He than moved us into thick maze of vegetation, sharply turning the boat at some places as if he knew each grass and plant on the way and parked us right at the side of a bird’s nest ensconced in marshes. There were three cream-colored eggs in the nest made of twigs and grass almost a size of a football. He mouthed stressing every letter that the nest is of purple heron.

Though I had started liking the simple man from village but did not really know what made him to bring us in this wilderness to the nest. So I asked him to show the bird. He nodded with a grin and took the boat off from heavy marshes. A few minutes later he whispered from my back and we all fell quiet. There was purple heron, a slender grey colored bird sitting on a little mud island, her back glistening from the waning sun. Again a bird that breeds into northern part of world and migrates to India, Africa in winters.The little noise we made in quiet lake disturbed the bird and she took a flight revealing several of her colors, she had purple-brown feathers and reddish-brown breast. Its ‘S’ shape neck sticking out as it searched for quieter pastures in the lake. We proceeded and passed through another lotus pond. There were many other birds, The boatmen kept on telling the name but it was difficult to remember.

We saw an Asian bill stork. A large bird quite like the White Stork which we saw first. There was a flock of these birds sitting on a small tree in the middle of small island. They were more of a local bird and breed in Indian subcontinent.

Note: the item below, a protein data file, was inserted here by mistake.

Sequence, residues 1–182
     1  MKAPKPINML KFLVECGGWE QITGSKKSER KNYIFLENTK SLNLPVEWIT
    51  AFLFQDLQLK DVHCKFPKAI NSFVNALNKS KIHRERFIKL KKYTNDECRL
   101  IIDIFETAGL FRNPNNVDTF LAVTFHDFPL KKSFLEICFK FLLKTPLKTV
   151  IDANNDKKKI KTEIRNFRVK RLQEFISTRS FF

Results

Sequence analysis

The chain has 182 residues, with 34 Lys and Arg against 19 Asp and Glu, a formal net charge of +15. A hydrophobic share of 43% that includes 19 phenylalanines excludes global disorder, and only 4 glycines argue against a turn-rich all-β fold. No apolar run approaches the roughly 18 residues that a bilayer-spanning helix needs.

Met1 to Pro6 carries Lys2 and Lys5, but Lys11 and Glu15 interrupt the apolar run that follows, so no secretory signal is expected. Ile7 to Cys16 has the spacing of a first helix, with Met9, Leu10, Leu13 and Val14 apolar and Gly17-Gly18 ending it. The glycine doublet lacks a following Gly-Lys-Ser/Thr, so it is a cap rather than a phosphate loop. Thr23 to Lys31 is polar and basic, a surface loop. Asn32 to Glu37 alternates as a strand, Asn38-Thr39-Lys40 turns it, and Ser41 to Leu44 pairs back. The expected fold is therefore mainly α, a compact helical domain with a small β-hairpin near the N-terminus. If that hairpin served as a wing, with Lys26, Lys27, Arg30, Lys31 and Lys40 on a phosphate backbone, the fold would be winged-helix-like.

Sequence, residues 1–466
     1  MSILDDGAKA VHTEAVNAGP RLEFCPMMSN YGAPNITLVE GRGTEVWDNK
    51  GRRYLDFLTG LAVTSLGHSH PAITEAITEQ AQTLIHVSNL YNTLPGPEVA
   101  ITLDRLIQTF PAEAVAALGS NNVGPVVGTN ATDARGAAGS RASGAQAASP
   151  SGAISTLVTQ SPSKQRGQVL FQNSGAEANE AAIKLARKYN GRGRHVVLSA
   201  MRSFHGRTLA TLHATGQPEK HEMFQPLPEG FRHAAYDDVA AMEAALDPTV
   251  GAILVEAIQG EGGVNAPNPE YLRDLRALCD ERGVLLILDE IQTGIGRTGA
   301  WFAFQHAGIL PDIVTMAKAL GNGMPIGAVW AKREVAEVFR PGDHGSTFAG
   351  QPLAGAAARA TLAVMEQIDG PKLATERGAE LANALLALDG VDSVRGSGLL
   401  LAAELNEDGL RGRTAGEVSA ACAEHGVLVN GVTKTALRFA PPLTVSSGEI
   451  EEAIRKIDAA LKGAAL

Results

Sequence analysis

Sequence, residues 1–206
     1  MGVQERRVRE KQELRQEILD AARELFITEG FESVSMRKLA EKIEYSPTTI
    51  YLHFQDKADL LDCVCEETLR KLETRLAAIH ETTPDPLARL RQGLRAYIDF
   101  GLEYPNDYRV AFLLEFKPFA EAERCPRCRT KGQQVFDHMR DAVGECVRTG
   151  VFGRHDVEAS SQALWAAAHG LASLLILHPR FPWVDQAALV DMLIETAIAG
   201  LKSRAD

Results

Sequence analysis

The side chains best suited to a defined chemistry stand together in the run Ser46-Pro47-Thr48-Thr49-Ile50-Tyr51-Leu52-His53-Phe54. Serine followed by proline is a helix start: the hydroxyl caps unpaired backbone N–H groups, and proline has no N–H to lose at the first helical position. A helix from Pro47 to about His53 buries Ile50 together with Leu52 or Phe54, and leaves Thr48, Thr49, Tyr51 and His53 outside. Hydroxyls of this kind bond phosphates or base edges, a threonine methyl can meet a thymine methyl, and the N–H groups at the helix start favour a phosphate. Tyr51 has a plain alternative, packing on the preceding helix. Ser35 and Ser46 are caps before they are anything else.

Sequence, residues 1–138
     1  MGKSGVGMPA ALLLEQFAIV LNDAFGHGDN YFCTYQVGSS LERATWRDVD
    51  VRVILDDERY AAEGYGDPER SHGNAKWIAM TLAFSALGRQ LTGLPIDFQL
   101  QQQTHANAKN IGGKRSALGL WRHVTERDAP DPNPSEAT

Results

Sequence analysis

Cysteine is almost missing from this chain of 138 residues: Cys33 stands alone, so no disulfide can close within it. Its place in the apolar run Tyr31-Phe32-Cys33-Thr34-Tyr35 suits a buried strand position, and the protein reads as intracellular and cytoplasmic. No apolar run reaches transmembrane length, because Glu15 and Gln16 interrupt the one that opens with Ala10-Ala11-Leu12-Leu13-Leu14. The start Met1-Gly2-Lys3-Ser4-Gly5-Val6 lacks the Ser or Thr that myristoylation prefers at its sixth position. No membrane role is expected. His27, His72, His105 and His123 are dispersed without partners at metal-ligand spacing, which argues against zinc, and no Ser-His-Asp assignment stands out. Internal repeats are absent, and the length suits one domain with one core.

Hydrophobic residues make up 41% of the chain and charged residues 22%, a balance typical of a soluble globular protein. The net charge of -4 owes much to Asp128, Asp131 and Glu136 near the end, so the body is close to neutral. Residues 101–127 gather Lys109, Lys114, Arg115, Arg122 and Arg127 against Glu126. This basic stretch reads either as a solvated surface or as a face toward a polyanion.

We missed watching many star birds like flamingos or pelicans as they arrive only in deep winter. Our boatmen had ticked off all the items on this list of guide and now leading us to the famed island. The sky blue color watch tower was visible from the distance and we were expecting some good snacks and a cup of tea to relax with. We approached towards almost a storey high Kashmiri grass and Shangri la of our imagination was just after that. The boatman, a truthful and honest man,warned that the eating place on the island might have closed by now. But we were far from reality, keeping our great expectations with the place high. I remember the guide telling us that the snacks, kathiawadi food, cold drinks and tea everything will be available. And when we reached the muddy little dock of the island, the hopes were crashed. Just little ahead of the dock was lying upturned aluminum utensils on a stone deck covered by patchy cloth. There was brick-kiln at the side for cooking. This was the eatery our original guide was talking about. The lady who runs this place was already off to her village due to fewer customers. I was a little upset with the boatman but his response was that he never told us all this, it was the guide who misrepresented. Nevertheless, we ambled towards the sky blue watch tower leaving the boatmen on shore for his evening Namaaz. There was nothing on island except bushes, plants and anthills. Some birds scampered here and there. But as we climbed up the tower the scenery changed. The sun was setting in west and tranquil water around the island was glistening. With many birds crisscrossing the lake, the surroundings were looking beautiful. This was certainly a good place to be but it was ill maintained.

We returned straight to jetty from the island as it was getting dark. As we bid goodbye to the boatman, I handed over him a tip. He was certainly one of the most pleasant men I might have met in a year. We were all hungry and tired and speeded towards our resort to get our fill.

About the Author: Rohit Agarwal is a 39-year-old marketing professional,who works in the mid-management level in a textile company based in Ahmedabad. He is a textile Engineer from MSU, Baroda and MBA from Rajasthan University. His debut book Love, Job or Country was published in November 2014. You can read a review of his book here.

He resides in Ahmedabad with his two kids and wife.